The physical properties of many-body quantum systems are usually described using Schrödinger equations. However, as the complexity of the equations of the famous Austrian physicist grows with extreme rapidity as the number of particles increases, it is generally impossible to solve them with current numerical techniques. Therefore, physicists often use approximation theories in practice. These theories concentrate on just a few collective behaviors of the described systems. Researchers obtain confirmation as to whether the chosen models effectively describe the behavior by means of mathematical analyses. This is where the RAMBAS (Rigorous Approximations for Many-Body Quantum Systems) project from Prof. Phan Thành Nam comes in. The overarching goal of the project, which was recently awarded an ERC Consolidator Grant, is to justify some key effective approximations that are used in many-body quantum physics. The LMU mathematician wants to draw on his expertise in mathematical physics to develop new techniques for understanding corrections of special approximation theories for dilute Bose gases and then apply the findings to Fermi gases via bosonization methods. The goal is to investigate the ground state energy, the excitation spectrum and the many-body quantum dynamics over long timescales so as to derive quantum kinetic equations. With the partial help of new mathematical techniques from the fields of functional analysis, spectral theory, calculus of variations, and partial differential equations, the plan is for RAMBAS to raise standard approximations of quantum systems to the next level and thus provide physicists with new mathematical tools.

Phan Thành Nam studied mathematics and computer science at Vietnam National University in Ho Chi Minh City, before obtaining a master’s degree in applied mathematics at the University of Orléans. In 2011, Phan Thành Nam completed a doctorate at the University of Copenhagen. After research stints in France, Austria, and the Czech Republic he came to LMU in 2017 as Professor of Mathematics.

© jan greune

Prof. Nicolai Siegel (Faculty of Veterinary Medicine/Experimental Parasitology and Biomedical Center/Physiological Chemistry at LMU) is head of the Molecular Parasitology research group. In his research, he is interested in how variability in pathogen populations contributes to the establishment of lasting infections.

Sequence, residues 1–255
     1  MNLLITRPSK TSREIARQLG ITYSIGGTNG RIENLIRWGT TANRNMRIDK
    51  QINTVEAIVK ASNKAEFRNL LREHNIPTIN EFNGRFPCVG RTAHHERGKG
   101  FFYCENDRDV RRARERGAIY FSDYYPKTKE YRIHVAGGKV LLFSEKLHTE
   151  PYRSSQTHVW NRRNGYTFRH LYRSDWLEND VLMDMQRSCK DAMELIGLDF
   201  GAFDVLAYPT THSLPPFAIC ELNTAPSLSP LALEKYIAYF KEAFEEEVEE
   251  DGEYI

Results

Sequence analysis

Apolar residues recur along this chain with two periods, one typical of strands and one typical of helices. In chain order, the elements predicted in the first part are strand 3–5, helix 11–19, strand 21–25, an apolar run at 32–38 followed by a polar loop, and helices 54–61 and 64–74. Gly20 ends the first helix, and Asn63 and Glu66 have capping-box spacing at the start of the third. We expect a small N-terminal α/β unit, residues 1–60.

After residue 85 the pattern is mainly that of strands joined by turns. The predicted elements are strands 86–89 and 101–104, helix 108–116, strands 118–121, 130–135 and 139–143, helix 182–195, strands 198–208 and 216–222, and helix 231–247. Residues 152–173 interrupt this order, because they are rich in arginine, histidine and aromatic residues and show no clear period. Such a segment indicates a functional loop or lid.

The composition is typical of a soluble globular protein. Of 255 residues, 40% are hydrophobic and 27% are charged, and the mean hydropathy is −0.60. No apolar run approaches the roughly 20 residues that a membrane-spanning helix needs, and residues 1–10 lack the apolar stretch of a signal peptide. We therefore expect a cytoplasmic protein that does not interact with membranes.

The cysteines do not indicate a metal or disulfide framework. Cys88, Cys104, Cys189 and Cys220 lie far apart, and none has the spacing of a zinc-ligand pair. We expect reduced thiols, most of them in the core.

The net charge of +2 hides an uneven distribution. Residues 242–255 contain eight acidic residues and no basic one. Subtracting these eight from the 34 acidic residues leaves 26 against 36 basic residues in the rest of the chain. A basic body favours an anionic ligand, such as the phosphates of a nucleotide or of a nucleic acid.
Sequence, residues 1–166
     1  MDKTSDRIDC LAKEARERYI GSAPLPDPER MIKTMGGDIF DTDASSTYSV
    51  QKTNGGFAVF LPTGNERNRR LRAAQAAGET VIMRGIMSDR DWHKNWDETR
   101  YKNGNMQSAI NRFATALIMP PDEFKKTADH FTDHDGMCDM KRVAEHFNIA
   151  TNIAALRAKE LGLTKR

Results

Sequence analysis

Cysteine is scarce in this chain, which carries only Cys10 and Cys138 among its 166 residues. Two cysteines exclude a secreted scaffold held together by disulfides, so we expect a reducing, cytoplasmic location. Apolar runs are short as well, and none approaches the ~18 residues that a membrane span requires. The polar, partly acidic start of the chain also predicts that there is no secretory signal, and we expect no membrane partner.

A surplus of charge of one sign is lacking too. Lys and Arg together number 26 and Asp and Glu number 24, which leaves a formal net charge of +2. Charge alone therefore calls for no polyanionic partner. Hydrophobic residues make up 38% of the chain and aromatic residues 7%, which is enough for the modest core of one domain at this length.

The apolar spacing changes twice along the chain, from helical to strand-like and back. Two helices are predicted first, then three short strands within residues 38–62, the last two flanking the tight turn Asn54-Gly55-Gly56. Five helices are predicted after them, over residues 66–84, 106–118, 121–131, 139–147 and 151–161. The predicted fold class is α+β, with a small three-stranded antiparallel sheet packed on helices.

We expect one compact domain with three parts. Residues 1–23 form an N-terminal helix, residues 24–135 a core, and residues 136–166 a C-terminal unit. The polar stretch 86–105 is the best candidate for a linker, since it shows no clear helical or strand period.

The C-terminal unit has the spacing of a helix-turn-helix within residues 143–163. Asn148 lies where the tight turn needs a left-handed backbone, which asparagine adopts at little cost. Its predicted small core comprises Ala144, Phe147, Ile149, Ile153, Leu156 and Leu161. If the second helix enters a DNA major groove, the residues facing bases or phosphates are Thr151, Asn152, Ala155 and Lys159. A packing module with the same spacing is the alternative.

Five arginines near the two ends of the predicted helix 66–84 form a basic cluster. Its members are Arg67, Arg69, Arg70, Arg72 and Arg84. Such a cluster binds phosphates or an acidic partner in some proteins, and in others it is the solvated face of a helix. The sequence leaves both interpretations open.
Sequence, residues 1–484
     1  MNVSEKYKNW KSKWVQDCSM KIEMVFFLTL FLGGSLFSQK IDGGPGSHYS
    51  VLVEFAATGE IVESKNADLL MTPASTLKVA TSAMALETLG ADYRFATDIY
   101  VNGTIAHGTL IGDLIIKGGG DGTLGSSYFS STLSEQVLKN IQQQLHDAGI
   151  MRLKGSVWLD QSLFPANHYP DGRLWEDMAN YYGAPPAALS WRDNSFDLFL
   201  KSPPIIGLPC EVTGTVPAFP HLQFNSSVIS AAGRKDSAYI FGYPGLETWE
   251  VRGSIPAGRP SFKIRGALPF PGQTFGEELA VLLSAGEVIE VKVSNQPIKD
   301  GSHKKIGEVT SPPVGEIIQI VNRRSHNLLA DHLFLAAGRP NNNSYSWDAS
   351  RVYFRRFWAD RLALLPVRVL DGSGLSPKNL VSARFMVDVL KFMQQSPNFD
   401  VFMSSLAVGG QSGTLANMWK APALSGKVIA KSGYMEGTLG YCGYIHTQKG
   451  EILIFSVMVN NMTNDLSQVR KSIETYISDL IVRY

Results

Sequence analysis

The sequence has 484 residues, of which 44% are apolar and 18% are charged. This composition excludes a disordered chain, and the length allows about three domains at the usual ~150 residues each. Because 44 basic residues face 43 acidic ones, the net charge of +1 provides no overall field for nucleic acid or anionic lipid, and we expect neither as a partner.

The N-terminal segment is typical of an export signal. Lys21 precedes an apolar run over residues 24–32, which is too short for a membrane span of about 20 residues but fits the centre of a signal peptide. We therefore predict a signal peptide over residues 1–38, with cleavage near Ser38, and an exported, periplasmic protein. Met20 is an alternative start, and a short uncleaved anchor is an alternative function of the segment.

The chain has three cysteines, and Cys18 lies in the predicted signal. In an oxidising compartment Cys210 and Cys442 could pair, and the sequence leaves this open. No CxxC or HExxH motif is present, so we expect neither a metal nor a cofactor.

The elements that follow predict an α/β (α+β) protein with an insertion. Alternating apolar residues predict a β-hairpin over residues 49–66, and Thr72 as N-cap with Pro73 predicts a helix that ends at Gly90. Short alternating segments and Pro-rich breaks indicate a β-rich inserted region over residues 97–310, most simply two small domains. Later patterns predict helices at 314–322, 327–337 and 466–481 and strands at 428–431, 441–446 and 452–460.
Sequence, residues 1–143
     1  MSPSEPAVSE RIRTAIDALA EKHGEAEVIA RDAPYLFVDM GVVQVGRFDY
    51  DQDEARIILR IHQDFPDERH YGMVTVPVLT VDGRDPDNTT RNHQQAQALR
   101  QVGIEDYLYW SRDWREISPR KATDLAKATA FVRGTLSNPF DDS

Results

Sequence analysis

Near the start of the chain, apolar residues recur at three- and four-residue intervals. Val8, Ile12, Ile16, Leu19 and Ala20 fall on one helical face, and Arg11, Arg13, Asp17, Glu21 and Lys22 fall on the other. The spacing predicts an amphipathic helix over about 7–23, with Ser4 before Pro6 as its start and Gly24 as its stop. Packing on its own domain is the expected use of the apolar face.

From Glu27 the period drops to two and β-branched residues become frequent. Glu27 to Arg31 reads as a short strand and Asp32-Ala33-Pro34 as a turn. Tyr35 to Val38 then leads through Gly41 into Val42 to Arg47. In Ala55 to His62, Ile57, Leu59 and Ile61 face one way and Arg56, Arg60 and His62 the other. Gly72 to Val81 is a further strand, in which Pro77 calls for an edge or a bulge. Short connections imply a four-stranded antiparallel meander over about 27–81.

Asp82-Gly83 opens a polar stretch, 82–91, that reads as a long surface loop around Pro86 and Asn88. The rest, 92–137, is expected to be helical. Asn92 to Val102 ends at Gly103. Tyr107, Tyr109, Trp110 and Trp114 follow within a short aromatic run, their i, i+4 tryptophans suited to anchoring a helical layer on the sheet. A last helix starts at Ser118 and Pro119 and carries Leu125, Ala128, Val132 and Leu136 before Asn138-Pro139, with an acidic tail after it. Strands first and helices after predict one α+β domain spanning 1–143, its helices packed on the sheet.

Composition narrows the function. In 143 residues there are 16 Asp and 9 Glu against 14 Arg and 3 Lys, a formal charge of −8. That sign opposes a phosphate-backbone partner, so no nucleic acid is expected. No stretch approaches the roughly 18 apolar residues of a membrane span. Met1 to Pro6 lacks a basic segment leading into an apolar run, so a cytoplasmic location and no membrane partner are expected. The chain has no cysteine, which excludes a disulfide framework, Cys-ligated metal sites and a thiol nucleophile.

The coronavirus pandemic has powerfully illustrated how variability among pathogens can affect the persistence of infections. A certain degree of cell-to-cell variation can help pathogens to evade the host immune response or to adapt to new environments. However, the level of variability is critical, as too much or too little variability can have negative consequences for the pathogen. In his project switchDecoding, Nicolai Siegel plans to elucidate the mechanisms that control variability in pathogen populations. To this end, he will use Trypanosoma brucei, a parasite responsible for sleeping sickness in Sub-Saharan Africa as a model. Here, he will investigate how the parasite repeatedly alters its surface proteins – so-called antigens – to evade the immune defenses of its host. In a multidisciplinary approach, he plans to develop and combine single-cell multi-omics, lineage tracing, and CRISPR-Cas-based genome manipulation strategies in order to characterize the processes, pathways, and molecules that regulate antigen variation in T. brucei. The goal of the project is to better understand how pathogens adapt to their environment and potentially develop resistances. This knowledge should help with the development of new intervention strategies and drugs.

Nicolai Siegel studied biochemistry at Brown University in Providence, Rhode Island and at ETH Zurich, Switzerland. After completing a doctorate at Rockefeller University in New York, he did postdoc research at the Pasteur Institute in Paris. From 2012, Siegel headed a Young Investigator Group at the ZINF Research Center for Infectious Diseases at the University of Würzburg, before taking on the role of a Professor for Molecular Parasitology at LMU in 2017. He has already received an ERC Starting Grant in 2016.